The results of the Ponemon Institute Cost of Data Breach Study underscore the observations of every expert on privacy compliance and data security — an organization needs to be prepared. Designate a response team. Inventory and classify data. Educate employees about privacy issues. Prepare a "what if?" action plan. Your business, your customers and your employees will benefit.

Designate a Team

Set the tone for the organization's commitment to data security. Your team may look different from other organizations, but begin by designating a well-respected senior official who has a track record of working well with every part of the organization, and give this person a hotline to the head of the company. A team should also typically include inside members from legal, communications, information technology, human resources and compliance. Outside members should include outside counsel, public relations, electronic forensics consultants and law enforcement. Keep contact information for team members current so that team members can be contacted quickly when necessary.

Inventory, Classify and Educate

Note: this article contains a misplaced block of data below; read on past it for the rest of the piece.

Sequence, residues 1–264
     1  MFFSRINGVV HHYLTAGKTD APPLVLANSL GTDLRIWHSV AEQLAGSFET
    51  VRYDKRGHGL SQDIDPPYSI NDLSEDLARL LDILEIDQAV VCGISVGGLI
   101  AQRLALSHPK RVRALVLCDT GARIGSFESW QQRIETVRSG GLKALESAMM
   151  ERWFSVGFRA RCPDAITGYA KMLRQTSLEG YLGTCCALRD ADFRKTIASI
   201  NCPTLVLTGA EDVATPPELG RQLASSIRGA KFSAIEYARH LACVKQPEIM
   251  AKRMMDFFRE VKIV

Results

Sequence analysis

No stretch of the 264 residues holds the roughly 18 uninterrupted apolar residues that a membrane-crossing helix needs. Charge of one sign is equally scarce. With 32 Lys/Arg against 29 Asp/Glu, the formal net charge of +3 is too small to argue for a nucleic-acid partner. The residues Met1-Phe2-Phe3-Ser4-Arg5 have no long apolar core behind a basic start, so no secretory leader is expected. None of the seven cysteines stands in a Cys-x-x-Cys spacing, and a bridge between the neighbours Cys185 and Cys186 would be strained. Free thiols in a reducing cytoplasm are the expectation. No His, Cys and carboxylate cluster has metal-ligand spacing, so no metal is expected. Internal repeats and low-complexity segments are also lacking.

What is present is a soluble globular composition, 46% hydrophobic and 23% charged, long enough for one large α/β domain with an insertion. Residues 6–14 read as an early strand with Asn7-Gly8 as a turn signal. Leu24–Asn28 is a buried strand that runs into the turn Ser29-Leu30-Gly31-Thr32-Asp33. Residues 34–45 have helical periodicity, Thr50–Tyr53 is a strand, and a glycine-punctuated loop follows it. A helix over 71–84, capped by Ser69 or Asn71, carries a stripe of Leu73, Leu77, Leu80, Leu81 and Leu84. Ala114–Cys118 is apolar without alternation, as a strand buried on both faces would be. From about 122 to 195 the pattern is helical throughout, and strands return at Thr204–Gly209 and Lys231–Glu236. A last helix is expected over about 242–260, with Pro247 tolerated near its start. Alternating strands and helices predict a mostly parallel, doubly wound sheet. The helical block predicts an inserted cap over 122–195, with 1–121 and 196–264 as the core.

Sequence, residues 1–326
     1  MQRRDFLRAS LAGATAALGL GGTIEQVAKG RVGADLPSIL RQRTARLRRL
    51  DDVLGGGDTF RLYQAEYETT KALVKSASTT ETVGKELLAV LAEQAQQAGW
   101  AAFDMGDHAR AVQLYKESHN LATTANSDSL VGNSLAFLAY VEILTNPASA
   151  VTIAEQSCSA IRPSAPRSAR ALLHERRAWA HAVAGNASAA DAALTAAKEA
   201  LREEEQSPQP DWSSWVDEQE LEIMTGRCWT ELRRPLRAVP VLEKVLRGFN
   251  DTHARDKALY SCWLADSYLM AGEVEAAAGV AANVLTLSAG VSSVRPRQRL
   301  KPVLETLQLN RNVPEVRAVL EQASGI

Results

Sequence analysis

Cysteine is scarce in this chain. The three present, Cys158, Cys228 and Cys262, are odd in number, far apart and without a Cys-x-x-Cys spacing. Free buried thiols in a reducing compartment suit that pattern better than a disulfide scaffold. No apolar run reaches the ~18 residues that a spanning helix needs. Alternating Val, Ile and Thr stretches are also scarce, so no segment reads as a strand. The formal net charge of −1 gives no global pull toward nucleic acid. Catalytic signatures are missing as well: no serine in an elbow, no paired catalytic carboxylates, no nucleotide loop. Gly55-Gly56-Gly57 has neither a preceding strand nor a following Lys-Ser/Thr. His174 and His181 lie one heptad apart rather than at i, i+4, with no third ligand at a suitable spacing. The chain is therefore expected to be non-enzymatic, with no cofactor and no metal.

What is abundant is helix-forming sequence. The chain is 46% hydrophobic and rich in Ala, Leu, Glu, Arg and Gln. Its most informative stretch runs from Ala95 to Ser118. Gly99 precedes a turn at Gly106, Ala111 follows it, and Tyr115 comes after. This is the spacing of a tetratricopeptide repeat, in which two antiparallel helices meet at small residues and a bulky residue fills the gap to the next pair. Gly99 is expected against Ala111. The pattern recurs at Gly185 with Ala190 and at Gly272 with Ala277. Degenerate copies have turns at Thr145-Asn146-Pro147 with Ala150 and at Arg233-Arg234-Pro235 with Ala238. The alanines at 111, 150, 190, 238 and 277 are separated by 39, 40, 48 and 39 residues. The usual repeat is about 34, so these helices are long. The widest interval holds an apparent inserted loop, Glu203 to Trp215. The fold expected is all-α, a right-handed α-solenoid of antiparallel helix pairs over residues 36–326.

• Inventory records systems, computing systems and storage media containing personal information.
  • Classify personal information according to sensitivity.
  • Conduct ongoing employee training to promote awareness of security and privacy policies.
  • Require service providers and business partners who handle personal information to follow your security policies.

Make a Plan

Draft contingency plans for how your organization will respond to different security incidents. Some threats come out of left field; others such as a lost thumb drive or malicious attack — are foreseeable. Among the practices and information that should be included in a response plan are:

  • Written procedure for identifying a breach incident that warrants activating the response team.